Jan and I flew to Aswan where we wanted to stay in the old and famous Old Cataract Hotel, but unfortunately it was full. This historic hotel was used in the movie of Agatha Christie’s “Death On The Nile,” because Agatha Christie had stayed and done some writing there. So we found another. Unfortunately Jan had a bad cold so we kind of took an R and R day overlooking the hotel pool, read and visited.
We saw the Tombs of Khnum and a Nubian village where I bought a necklace. We engaged this felucca to take us to Kom Ombo on Tuesday as we really enjoyed this mode of travel on the Nile. It made us feel kind of like we were back in ancient times.
We did visit the Old Cataract Hotel, having a beer and soaking up the atmosphere.
The next day we visited the new Nubian Museum. The Nubians are an ancient people—our felucca sailor, Shahar, was of this heritage. Then we went through a Fatamid cemetery and later stopped to see the unfinished obelisk that is still in the quarry. This obelisk was three-fourths finished, and was 42 meters long (140 feet!) but a flaw in the granite had appeared and so it was abandoned.
We really liked downtown Aswan—we shopped at the souq and then had a beer and pizza at the Aswan Moon restaurant overlooking the Nile. We booked a flight to go to Abu Simbel for the next day—visitors cannot go there by road right now after a terrorist incident that happened recently. We took a horse and carriage back to our hotel and when I paid him, the driver told me that I had given him a ‘one’ (which he showed me) instead of a ‘ten’ so I paid him more—realizing later that he was scamming me. He also asked for a tip and when I said no, he then asked for a tip “for the horse!” Oh yes, Egyptians have been dealing with tourists for 2000 years and it’s ‘buyer beware!’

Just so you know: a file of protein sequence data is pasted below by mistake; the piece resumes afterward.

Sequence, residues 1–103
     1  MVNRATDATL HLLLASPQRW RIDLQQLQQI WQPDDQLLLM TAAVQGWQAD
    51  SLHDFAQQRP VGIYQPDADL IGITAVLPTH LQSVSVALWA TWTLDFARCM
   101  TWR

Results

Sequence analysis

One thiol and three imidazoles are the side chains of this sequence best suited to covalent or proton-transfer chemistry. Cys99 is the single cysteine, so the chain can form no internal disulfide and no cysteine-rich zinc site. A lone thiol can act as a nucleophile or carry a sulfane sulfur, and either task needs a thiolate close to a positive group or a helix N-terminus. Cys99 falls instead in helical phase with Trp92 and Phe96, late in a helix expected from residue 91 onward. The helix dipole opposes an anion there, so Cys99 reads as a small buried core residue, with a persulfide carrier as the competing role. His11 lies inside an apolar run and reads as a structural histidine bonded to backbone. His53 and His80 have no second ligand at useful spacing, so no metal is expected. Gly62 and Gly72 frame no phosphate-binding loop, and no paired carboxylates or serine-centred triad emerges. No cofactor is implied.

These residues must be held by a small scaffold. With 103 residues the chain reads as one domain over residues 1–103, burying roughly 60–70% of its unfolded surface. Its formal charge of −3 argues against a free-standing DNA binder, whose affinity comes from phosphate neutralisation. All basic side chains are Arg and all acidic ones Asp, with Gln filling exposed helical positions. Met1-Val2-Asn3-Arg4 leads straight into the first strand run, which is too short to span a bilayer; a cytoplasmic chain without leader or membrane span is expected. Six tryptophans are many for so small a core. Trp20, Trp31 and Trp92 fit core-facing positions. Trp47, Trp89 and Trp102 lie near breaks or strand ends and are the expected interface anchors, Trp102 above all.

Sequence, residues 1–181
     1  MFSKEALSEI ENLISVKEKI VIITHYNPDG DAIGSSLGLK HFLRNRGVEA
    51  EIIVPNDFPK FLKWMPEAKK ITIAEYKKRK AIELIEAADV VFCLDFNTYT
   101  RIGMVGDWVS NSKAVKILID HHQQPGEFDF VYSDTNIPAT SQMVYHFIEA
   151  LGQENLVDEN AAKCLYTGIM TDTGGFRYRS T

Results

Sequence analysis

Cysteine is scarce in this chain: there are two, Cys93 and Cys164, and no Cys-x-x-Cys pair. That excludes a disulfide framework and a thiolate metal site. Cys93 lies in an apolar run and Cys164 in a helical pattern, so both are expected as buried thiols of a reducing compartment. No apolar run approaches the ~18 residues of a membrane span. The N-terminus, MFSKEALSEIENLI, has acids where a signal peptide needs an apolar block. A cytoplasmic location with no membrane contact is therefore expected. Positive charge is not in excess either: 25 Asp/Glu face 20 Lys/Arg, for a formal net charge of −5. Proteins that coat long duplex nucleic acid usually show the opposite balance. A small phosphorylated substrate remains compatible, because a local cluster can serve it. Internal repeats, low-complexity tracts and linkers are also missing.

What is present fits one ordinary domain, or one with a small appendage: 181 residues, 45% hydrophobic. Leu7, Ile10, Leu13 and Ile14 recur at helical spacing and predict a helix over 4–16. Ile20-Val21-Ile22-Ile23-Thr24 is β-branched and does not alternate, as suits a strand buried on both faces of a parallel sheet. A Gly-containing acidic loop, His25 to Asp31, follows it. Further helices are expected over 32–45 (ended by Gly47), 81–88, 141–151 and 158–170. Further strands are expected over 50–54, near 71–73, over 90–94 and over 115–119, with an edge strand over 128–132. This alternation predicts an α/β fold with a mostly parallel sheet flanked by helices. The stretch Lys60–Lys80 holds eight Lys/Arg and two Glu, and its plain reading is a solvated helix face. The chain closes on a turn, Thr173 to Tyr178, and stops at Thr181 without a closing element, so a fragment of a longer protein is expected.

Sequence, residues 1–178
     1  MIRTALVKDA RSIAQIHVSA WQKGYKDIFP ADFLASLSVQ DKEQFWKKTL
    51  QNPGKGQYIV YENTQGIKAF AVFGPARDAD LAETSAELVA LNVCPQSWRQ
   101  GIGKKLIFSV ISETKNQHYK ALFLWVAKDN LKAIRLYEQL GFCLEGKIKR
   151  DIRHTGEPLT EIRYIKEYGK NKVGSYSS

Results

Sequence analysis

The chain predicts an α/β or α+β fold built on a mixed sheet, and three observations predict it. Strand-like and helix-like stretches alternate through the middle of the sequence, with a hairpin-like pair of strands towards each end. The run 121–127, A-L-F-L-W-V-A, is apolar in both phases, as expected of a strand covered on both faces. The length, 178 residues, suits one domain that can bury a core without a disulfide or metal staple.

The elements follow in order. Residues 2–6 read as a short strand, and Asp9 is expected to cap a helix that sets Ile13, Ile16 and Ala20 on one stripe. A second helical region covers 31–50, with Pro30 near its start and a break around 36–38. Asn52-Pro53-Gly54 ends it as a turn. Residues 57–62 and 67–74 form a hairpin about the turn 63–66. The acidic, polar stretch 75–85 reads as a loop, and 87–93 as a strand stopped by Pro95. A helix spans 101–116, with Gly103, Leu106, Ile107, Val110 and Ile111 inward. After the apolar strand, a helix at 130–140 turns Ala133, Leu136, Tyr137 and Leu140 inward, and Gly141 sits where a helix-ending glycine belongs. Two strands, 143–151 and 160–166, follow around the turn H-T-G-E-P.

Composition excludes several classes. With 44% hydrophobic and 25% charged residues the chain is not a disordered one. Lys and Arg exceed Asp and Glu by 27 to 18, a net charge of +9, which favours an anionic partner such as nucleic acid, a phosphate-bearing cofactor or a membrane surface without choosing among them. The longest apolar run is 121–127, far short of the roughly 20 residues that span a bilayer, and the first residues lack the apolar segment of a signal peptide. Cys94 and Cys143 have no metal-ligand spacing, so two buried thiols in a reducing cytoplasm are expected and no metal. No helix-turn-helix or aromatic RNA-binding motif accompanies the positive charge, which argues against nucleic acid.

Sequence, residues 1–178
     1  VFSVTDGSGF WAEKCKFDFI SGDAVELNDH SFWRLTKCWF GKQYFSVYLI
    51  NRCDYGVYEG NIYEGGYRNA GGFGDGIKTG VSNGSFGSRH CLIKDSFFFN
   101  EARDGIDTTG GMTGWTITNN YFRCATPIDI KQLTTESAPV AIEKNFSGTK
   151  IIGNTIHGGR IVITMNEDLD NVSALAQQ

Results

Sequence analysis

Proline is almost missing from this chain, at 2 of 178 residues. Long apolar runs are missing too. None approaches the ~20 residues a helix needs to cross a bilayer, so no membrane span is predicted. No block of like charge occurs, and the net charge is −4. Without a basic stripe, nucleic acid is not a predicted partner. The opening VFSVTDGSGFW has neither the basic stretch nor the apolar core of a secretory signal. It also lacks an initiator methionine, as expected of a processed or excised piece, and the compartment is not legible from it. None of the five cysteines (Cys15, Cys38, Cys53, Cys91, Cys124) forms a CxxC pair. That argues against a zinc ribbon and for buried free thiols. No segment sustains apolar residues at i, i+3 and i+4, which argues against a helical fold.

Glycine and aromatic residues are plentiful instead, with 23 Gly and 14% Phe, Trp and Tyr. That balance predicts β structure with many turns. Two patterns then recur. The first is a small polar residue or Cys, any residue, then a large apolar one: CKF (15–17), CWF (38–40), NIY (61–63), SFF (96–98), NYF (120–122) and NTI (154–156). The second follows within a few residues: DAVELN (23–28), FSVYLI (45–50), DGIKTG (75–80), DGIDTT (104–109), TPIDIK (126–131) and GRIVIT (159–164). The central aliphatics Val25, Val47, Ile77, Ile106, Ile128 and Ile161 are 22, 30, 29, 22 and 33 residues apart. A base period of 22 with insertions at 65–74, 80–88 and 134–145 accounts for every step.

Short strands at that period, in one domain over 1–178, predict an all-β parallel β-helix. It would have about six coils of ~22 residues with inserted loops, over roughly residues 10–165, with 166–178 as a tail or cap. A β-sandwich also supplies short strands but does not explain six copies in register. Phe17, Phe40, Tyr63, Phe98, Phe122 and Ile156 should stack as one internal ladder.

Jan and I ate dinner at the Old Cataract Hotel in a beautiful Moorish restaurant where it’s even very difficult to get a dinner reservation. Unfortunately the dinner was very mediocre even though the atmosphere was stunning.
The next day we flew to Abu Simbel to see the magnificent Temples of Ramses II and his beloved Nubian wife, Nefertari. We had seen Ramses II’s mummy in the Egyptian Museum with his little gray wisps of hair. He was 97 years old when he died! The temples were huge and completely covered with carvings showing events of history, suitably embellished to show Ramses II in the most favored way. We had a very helpful guided tour of the temples. How did they ever get these enormous temples with their exterior gigantic statues moved before the Aswan dam inundated their original site. Thank goodness they were saved! What a treasure.
Jan took a camel ride and I took her picture. We went to see the Island of Philae which was mostly flooded since the building of the Aswan Dam. The temples, however, were relocated to higher ground on the island of Agilika. The oldest part of Philae dates to the 4th century BC but the temples on Agilika Island were from as late as the 3rd century AD.
We stopped at Shahar’s village and ate our picnic lunch with his little brother. We were met by many gigantic cruise ships on the Nile, which dwarfed out little felucca.By 4:00 PM it was clear that we were not going to get to Kom Ombo by boat that day, so we got off and got a pick-up truck/bus to take us to Kom Ombo. It turned out that the only hotel was closed so we went on by taxi to Edfu, which also has a spectacular temple. We stayed in the only available hotel (a dump), bought some beer, which turned out to be non-alcoholic, and ate some chips for our dinner! Some days are like that—but really, the felucca ride was worth it!